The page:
The style of it all reminded me very much of Mr. Bliss (another children's tale Tolkien wrote) but there are also some more sombre undertones to this. Often the letters described some mishap that happened at the North Pole, which explained why the children would receive fewer presents, or not exactly what they had asked for. Statements bracketing the stories of a war between goblins and elves (foreshadowing some elements of Middle Earth definitely) remind one what the atmosphere was like in the thirties. It's a book Tolkien fans will probably find intriguing. I kept thinking as I read it how wonderful it must have been for his kids to receive these messages each year, so carefully crafted by their father.

Rating: 3/5      112 pages, 2004

more opinions:
Nose in a Book
All Booked Up
2606 Books and counting

Jan 5, 2016

The Bafut Beagles

by Gerald Durrell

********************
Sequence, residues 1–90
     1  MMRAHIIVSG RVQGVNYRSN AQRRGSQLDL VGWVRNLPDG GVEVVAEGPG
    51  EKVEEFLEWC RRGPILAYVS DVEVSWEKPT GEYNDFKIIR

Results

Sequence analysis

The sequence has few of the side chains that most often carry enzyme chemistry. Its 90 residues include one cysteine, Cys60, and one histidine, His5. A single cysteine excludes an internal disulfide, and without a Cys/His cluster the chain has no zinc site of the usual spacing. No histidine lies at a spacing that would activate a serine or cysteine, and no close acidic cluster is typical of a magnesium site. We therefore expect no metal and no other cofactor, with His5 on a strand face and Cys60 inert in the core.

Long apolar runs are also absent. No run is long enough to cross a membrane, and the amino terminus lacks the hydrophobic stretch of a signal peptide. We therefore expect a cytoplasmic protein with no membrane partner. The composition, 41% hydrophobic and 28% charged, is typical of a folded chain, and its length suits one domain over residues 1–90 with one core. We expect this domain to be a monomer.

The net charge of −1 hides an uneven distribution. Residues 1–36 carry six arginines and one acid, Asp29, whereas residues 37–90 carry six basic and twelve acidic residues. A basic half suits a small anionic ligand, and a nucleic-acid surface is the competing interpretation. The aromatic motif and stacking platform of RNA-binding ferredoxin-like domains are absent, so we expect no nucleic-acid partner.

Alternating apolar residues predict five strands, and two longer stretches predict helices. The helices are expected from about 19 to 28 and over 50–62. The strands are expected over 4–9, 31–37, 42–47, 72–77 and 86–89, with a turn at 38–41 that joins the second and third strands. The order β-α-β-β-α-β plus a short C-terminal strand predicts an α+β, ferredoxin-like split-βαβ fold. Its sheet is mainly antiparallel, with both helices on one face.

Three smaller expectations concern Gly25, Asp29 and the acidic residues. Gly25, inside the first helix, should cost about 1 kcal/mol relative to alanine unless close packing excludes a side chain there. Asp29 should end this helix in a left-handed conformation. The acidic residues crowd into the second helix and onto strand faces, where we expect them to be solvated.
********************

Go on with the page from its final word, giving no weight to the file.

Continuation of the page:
In this delightful book Durrell describes a trip he made to the Cameroons -probably in the late forties- to collect wild animals to take back to England (for a zoo or his own collection I am not sure). He plunges straight into the story without much introduction or explanation, but happily I have read enough of his other books that I recognized the context immediately. Having gained the support of the local headsman, the Fon, via copious drinking bouts and gathered a group of eager hunters and mongrel dogs (the "beagles" of title) he avidly gathers up as many animal "specimens" as possible. This is done by paying nice sums to local people for what they bring him, as well as going out on his own hunting forays. Several times he ran into difficulties convincing the people that an animal he knew of actually existed, as they had never seen one, or that an animal could be safely approached and caught, as they thought some innocent creatures deadly. (Yet they often handled very poisonous snakes with a seemingly careless attitude!) I really enjoyed the story, the straightforward humor and the descriptions of the wildlife. Some species I had never heard of, or didn't recognize right away because the name Durrell used for them was unfamiliar. It took me a minute to realize that the galago is a bushbaby, and I think the colorful skink the natives feared so much must have been a fire skink (going on his description of its appearance alone). I find the agama lizard just as beautiful, although it didn't get much mention (too common) and definitely the most curious creature of all is the hairy frog (also known as the horror frog)! Also described are several kinds of monkeys, flying mice, bush pigs, the golden cat, rock hyrax, numerous excitable squirrels, cane rats, snakes and many others.